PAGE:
Figure 1: Overview of the model architecture with (left), (middle) and (right).

The latent trajectory model (Laumer et al., 2020) is an autoencoder that is designed to learn latent representations from periodic sequences of the heart, i.e. echos in this case. The main idea is to capture the periodic nature of the observed data by learning an encoder that maps an echo with frames at time points to a prototypical function whose parameters contain information about the heart’s shape and dynamic. The decoder reconstructs the original video frame by frame from the latent embedding with . Here, corresponds to the following cyclic trajectory:

where the frequency parameter, , corresponds to the number of cycles per time unit, and the offset parameter allows the sequence to start at an arbitrary point within the (cardiac) cycle. The parameter characterizes the spatial information of the signal. This model thus describes a simple tool to learn the disentanglement of temporal components (, ) from a common spatial representation () for a given echo. On the other hand, the assumptions made may be too simplistic to result in good reconstructions. We will address this issue in the following sections.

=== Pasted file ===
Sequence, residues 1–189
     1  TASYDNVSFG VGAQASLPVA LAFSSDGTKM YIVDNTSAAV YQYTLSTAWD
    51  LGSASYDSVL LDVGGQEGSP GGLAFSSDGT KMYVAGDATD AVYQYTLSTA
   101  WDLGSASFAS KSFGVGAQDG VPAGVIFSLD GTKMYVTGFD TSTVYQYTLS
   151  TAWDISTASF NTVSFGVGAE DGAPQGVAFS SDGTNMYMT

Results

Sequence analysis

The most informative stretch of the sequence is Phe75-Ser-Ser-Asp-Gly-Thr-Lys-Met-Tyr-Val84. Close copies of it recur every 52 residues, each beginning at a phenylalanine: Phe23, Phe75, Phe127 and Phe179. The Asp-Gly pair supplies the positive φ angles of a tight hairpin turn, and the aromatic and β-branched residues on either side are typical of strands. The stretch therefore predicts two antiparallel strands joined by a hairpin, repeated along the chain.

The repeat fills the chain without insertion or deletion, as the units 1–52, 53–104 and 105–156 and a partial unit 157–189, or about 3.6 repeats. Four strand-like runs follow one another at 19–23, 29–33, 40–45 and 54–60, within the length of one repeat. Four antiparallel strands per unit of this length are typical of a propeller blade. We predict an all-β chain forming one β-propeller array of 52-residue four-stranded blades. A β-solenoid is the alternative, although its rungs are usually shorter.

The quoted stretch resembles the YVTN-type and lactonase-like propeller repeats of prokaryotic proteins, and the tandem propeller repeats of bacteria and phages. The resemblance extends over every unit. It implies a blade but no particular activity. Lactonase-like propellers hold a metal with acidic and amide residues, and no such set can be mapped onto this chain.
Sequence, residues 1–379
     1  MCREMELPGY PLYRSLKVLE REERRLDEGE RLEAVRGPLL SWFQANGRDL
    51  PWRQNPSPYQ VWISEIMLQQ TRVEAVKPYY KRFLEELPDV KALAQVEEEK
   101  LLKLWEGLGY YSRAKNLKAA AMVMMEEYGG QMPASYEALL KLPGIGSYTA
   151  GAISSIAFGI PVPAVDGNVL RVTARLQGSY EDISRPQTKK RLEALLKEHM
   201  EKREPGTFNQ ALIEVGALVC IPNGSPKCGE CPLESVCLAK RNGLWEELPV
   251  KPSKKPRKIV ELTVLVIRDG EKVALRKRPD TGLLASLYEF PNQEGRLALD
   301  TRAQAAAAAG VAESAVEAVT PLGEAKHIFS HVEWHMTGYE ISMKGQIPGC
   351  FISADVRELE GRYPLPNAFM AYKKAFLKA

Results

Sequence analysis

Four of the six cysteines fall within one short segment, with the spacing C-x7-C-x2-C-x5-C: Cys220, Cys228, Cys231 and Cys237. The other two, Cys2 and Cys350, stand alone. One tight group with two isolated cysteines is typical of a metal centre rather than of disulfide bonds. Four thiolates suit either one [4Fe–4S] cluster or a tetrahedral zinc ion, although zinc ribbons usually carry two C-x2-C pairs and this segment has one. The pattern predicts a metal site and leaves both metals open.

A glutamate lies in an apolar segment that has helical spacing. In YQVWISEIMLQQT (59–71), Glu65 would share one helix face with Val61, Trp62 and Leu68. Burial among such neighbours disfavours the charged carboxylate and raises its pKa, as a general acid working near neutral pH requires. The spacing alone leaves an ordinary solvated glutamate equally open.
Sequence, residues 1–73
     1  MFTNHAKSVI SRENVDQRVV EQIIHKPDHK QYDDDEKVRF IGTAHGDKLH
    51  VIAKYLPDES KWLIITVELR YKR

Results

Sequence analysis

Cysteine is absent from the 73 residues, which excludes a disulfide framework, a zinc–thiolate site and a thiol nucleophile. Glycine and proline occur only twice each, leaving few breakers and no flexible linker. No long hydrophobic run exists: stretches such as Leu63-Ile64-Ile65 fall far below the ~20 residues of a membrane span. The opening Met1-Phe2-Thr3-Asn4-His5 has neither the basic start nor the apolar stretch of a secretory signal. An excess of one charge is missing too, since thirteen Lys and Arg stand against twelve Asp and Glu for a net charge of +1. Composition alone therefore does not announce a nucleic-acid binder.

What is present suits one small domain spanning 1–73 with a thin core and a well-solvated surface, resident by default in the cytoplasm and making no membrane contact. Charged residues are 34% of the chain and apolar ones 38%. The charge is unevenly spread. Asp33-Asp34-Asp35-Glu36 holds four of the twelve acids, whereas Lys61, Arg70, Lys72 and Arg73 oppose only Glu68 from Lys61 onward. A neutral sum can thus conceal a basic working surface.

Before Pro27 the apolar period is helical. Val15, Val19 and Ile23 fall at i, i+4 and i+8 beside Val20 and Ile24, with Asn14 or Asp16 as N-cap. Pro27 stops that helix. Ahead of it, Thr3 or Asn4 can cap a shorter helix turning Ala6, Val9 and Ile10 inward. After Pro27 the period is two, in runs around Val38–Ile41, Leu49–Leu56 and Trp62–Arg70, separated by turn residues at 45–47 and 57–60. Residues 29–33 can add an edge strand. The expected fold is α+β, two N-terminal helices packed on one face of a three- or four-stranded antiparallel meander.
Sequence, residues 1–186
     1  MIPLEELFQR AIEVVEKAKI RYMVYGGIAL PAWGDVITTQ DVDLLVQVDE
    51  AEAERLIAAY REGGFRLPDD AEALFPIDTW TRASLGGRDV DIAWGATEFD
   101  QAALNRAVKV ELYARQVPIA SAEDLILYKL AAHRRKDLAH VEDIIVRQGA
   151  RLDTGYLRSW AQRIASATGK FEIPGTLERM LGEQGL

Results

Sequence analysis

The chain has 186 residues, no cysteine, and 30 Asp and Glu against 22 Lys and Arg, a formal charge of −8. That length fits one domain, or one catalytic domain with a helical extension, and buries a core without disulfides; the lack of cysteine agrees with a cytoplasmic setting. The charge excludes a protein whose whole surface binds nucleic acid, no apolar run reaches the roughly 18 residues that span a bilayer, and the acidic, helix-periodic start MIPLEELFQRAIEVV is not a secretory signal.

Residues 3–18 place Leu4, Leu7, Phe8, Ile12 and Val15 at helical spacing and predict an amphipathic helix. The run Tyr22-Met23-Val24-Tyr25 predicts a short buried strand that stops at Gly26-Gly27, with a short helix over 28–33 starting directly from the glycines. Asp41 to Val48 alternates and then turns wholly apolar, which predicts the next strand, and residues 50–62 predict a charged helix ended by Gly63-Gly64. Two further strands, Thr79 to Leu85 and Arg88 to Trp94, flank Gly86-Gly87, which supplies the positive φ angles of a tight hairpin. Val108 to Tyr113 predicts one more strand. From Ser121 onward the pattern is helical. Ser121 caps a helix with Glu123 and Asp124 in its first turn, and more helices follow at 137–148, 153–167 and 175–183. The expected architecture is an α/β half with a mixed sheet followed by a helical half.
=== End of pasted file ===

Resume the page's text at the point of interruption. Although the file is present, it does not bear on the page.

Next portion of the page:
3.2 Dynamic Trajectories

The above formulation, , allows modeling time-related information only through the first two latent dimensions, thereby limiting the amount of time-dependent information that can be encoded in the latent space. The reduced flexibility results in insufficient reconstruction quality, impairing the reconstruction-based anomaly detection performance. To circumvent this problem, we distribute time-dependent components over each dimension of the latent space while retaining the periodicity. We thus define the rotated trajectory function as